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Minimizing inflammation post-cataract surgery


Large randomized trial compares efficacy and safety of multiple regimens

inflammation post-cataract surgery

Results of a prospective randomized trial comparing five medication regimens for controlling inflammation early after uncomplicated surgery show that beginning monotherapy with a topical non-steroidal anti-inflammatory drug (NSAID) on the day of surgery offered the best outcome for efficacy and safety.

The research, which was presented by Jesper Høiberg Erichsen, MD, at ARVO 2020, found that adding a topical steroid to the NSAID provided no benefit but could adversely affect IOP. Initiating topical treatment three days preoperatively also conferred no advantage for better inflammation control, while a dropless approach using a subTenon’s corticosteroid injection proved inferior to topical treatment.

“Controlling postoperative inflammation is important for achieving a successful outcome after cataract surgery. Surgeons generally prescribe an anti-inflammatory prophylactic regimen parallel to surgery, and recent meta-analyses have documented a beneficial effect of using a topical NSAID. Yet, there are several questions about inflammation prophylaxis that need to be investigated,” said Erichsen, a doctorate student, Department of Ophthalmology, Rigshospitalet-Glostrup, Glostrup, Denmark.
“Based on our results, we recommend that cataract surgeons consider using NSAID monotherapy as anti-inflammatory prophylaxis in uncomplicated cases.”

Patients with a senile cataract were eligible for enrollment in the study if they were undergoing uncomplicated surgery and had no history of diabetes, uveitis, glaucoma, retinal vein occlusion, epiretinal membrane, retinal detachment, or advanced age-related macular degeneration. A total of 470 patients were randomized equally into five groups to receive topical prednisolone and ketorolac started 3 days preoperatively, topical prednisolone and ketorolac started on the day of surgery, ketorolac started 3 days preoperatively, ketorolac started on the day of surgery, or a subTenon’s depot of dexamethasone 2 mg/0.5 mL All topical drops were to be administered three times daily and continued for 21 days after surgery.

Fourteen patients were excluded after randomization, and 438 patients completed follow-up to the primary endpoint visit at postoperative day 3. The mean age of the 456 patients included in the baseline data analysis was 72 years. Almost two-thirds of the study participants were women.

The primary outcome assessed change from baseline in anterior chamber flare measured on undilated pupils using a flare photometer (KOWA FM-600, KOWA Company). For statistical analyses, the group that received the combination topical regimen started preoperatively was used as the control group.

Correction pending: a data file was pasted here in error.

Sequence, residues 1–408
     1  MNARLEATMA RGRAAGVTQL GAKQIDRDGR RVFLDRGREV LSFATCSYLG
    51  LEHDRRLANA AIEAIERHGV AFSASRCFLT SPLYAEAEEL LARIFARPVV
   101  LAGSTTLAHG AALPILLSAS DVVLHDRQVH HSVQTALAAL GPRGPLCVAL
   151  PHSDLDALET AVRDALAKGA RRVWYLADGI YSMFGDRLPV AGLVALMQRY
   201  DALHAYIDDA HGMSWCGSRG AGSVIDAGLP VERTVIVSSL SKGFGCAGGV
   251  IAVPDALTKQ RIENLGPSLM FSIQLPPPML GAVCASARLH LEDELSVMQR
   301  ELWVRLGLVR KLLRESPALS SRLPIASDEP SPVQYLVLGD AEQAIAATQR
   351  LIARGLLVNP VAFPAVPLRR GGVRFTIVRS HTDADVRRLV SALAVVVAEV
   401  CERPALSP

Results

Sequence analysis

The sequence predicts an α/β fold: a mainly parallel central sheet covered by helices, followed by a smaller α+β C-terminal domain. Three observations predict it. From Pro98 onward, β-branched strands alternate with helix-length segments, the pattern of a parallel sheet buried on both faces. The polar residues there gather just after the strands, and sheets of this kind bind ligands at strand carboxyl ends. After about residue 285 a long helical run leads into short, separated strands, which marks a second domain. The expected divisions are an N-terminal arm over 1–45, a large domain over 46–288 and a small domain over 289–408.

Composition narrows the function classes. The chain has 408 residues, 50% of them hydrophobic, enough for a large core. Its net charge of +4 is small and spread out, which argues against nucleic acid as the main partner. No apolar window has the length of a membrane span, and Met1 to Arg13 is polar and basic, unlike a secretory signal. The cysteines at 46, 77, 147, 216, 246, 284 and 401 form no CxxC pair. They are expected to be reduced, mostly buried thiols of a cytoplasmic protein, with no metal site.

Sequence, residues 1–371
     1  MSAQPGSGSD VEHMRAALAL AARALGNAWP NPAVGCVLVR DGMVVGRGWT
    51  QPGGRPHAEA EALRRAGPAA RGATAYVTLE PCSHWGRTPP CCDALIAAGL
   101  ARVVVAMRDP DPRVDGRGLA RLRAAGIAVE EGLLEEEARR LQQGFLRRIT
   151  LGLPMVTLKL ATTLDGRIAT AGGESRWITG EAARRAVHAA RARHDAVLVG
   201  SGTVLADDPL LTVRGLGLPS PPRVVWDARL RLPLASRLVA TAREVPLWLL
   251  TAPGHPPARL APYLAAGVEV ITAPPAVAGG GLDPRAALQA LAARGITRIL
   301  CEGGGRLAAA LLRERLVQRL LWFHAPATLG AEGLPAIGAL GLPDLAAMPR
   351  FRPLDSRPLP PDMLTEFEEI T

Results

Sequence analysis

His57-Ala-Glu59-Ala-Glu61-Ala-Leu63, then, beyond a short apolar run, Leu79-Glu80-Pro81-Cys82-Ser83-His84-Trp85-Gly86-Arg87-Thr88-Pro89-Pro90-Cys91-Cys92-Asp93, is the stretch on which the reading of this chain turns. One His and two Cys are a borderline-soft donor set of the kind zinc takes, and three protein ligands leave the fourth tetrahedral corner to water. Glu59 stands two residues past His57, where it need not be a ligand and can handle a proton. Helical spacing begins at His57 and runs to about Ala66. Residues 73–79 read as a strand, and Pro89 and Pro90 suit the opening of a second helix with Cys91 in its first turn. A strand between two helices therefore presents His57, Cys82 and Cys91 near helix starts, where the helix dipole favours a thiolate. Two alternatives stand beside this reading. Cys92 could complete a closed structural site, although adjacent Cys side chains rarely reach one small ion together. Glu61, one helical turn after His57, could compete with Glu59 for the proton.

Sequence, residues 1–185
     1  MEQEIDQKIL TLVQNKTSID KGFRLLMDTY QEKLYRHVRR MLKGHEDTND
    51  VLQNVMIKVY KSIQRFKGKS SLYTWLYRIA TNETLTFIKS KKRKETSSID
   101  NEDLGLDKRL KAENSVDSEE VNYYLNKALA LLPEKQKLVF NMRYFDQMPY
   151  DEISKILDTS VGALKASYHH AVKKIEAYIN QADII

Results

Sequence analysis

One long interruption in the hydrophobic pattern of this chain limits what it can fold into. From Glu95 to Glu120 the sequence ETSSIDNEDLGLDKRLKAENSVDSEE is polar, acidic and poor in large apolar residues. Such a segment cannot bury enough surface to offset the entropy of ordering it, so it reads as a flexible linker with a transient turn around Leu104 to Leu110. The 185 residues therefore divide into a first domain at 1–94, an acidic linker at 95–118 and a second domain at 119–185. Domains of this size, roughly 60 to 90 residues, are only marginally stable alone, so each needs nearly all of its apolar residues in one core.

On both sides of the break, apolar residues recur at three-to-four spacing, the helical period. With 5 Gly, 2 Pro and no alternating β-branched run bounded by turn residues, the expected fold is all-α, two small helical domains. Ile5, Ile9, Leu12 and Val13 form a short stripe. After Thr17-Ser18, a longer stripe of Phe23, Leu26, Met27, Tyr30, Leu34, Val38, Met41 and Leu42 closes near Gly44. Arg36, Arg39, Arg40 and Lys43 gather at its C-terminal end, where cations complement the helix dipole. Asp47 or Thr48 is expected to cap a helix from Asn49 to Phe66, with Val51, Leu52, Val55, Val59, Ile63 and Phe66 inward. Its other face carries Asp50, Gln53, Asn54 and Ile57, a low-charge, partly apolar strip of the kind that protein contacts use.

Median flare was 10.1 ph/ms at baseline in all groups, and it increased significantly at postop day 3 in all groups. The greatest increase occurred in the dropless group, and the difference in change from baseline compared with the control group was statistically significant only in the dropless group.

“As another interesting result, we found that only a few patients in the topical treatment groups (1.1% to 3.4%) needed additional intervention to control inflammation, whereas more than one-third of patients in the dropless group needed rescue anti-inflammatory treatment,“ Erichsen said. “Minimizing the need for topical drops is desirable in older patients who may struggle with administration, but the dropless approach using the subTenon’s injection did not seem effective for achieving that goal.”

Anterior chamber cell count at postop day 3 was investigated as a secondary outcome measure. The mean value was 3.4 in the control group, ranged from 3.8 to 4.1 in the three other topical regimen groups, and was 5.5 in the dropless group. Again, only the difference between the dropless group and control group was statistically significant.

Postop day 3 logMAR visual acuity measured with ETDRS charts was also evaluated as a secondary endpoint. The results showed no significant differences between groups.

Intraocular pressure was another secondary outcome measure in the study, and it was found to decrease significantly after cataract surgery in all groups. However, the decrease was significantly less in the combination treatment groups that received a topical steroid compared with the groups receiving a topical NSAID alone and the dropless group.

Jesper Høiberg Erichsen, MD
E: jesper.hoeiberg.erichsen@regionh.dk
Neither Dr. Erichsen nor any of his co-authors has any relevant financial interests to disclose.

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